Buckwheat is what’s known as a pseudocereal, which means it can be eaten like a cereal grain but it doesn’t grow on grass like wheat or rice does. Other well known pseudocereals are amaranth and quinoa, and each of them is also a gluten-free source of protein just like buckwheat. To learn more about buckwheat protein and its other health benefits, read on.
What Is Buckwheat?
Though it has “wheat” in its name, buckwheat is unrelated to wheat and is gluten free. There are two main types of edible buckwheat—Tartary buckwheat (Fagopyrum tartaricum) and common buckwheat (Fagopyrum esculentum)—that are made into tea, flour, noodles, and groats, which serve as excellent healthy stand-ins for white or brown rice in many Asian and European dishes. Grown in China, Russia, Central and Eastern Europe, and Kazakhstan, buckwheat is is high in antioxidants and can help with blood sugar control, making it a popular modern food.
Buckwheat Nutrition Facts
One cup of cooked buckwheat groats can provide the following nutritional value.
- 155 calories
- 33.5 grams of carbohydrates
- 5.7 grams of protein
- 1 gram of fat
- 4.5 grams of fiber
- 0.7 milligram of manganese (34% Daily Value)
- 85.7 milligrams of magnesium (21% DV)
- 118 milligrams of phosphorus (12% DV)
- 0.2 milligram of copper (12% DV)
- 1.6 milligrams of niacin (8% DV)
- 1 milligram of zinc (7% DV)
- 1.3 milligrams of iron (7% DV)
- 0.1 milligram of vitamin B6 (6% DV)
- 23.5 micrograms of folate (6% DV)
- 0.6 milligram of pantothenic acid (6% DV)
- 3.7 micrograms of selenium (5% DV)
Buckwheat is a significant source of carbs thanks to its starch content. Low on the glycemic index (which measures the impact various foods make on our blood sugar levels), buckwheat does not cause dangerous blood sugar spikes. Buckwheat also contains soluble carbs like fagopyritol and D-chiro-inositol, which have been found to help ease post-meal blood sugar rises.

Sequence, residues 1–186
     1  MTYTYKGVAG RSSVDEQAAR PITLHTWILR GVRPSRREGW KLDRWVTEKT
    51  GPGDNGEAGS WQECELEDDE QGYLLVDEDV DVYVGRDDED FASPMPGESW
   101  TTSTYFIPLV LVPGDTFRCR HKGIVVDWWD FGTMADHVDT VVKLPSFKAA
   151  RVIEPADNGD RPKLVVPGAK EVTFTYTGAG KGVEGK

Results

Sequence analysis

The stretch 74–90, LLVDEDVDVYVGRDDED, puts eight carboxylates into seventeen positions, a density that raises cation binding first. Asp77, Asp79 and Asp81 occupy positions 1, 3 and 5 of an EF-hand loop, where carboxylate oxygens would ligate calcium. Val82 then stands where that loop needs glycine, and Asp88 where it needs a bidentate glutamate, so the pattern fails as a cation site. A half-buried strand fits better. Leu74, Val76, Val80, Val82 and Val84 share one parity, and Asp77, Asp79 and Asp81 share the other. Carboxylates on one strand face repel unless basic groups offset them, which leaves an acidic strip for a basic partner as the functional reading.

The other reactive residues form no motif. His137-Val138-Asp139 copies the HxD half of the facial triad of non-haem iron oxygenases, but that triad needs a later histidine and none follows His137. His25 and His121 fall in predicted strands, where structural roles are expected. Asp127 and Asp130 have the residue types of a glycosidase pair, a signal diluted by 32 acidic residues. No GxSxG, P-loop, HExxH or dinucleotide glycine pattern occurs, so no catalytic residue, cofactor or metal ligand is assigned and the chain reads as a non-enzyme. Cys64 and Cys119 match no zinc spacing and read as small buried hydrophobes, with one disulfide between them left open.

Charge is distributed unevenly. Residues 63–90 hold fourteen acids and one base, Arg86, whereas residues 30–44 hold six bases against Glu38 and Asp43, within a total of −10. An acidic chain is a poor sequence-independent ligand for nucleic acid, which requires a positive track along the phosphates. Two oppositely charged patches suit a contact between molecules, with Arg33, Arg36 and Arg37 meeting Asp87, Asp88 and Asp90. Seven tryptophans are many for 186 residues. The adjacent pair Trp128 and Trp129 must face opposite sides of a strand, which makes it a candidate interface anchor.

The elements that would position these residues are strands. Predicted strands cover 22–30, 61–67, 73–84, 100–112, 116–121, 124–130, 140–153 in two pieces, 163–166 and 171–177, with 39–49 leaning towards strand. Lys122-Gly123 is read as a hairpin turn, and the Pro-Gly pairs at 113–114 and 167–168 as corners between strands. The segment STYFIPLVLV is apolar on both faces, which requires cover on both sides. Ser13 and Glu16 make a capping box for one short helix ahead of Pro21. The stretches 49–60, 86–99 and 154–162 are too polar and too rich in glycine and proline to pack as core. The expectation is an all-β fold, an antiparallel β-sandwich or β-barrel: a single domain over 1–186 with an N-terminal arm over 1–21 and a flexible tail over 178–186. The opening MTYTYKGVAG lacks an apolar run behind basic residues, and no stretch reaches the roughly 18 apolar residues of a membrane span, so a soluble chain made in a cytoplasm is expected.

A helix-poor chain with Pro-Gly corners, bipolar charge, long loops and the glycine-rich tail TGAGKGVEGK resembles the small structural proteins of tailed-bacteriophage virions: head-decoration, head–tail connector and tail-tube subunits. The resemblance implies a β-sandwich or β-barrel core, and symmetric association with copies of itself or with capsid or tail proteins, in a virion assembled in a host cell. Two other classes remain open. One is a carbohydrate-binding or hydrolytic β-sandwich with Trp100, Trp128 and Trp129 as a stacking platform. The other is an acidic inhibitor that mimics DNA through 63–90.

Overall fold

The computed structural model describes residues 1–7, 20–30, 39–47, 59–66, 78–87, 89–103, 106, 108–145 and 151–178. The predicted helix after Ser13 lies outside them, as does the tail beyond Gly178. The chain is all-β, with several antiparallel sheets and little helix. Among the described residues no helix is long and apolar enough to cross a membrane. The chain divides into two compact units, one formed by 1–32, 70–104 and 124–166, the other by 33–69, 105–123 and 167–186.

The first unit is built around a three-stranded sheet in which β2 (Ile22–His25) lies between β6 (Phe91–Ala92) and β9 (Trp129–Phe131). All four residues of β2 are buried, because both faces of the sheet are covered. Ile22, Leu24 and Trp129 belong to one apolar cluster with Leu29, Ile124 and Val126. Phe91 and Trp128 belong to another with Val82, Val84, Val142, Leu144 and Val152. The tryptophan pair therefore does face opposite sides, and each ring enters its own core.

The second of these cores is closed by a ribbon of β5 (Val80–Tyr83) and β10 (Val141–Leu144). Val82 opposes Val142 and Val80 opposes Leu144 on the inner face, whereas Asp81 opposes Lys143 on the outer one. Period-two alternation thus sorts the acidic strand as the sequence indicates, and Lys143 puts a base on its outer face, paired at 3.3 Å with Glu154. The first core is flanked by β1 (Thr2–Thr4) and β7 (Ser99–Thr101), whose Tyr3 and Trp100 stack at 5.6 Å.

The fiber content of buckwheat is another significant aspect of this pseudocereal, making it a great digestion aid that can improve colon health. Most of buckwheat’s fiber is contained in its husk, which is what gives dark buckwheat flour its unique color and flavor. Moreover, the resistant starch in buckwheat is particularly valuable as a prebiotic for feeding your good gut bacteria. When well-fed, your good gut bacteria create short-chain fatty acids that contribute to the health of your colon.
Buckwheat groats have a terrific amino acid profile, making them a complete protein food. Complete proteins are foods that contain all nine of the essential amino acids, which are the amino acids you need to eat because your body can’t create them on its own. These amino acids are responsible for building muscle and more, making buckwheat a high-quality protein food especially valuable for the protein needs of vegetarians and vegans. When it comes to buckwheat vs. rice protein content for example, buckwheat is the winner: buckwheat contains more protein than rice, corn, wheat, and millet.
Vitamins and Minerals
Far richer in minerals than cereals like wheat, rice, and corn, buckwheat contains:
- Copper: Copper is important for heart health and is often lacking in our diets.
- Iron: A lack of sufficient iron can lead to anemia when there isn’t enough iron in your blood to aid in oxygen transport.
- Manganese: A common mineral found in most whole grains, manganese is important for metabolic health.
- Phosphorus: This mineral is vital for the maintenance and growth of our body tissue.
- Magnesium: An important mineral that helps to lower your risk of chronic health conditions like heart disease and diabetes.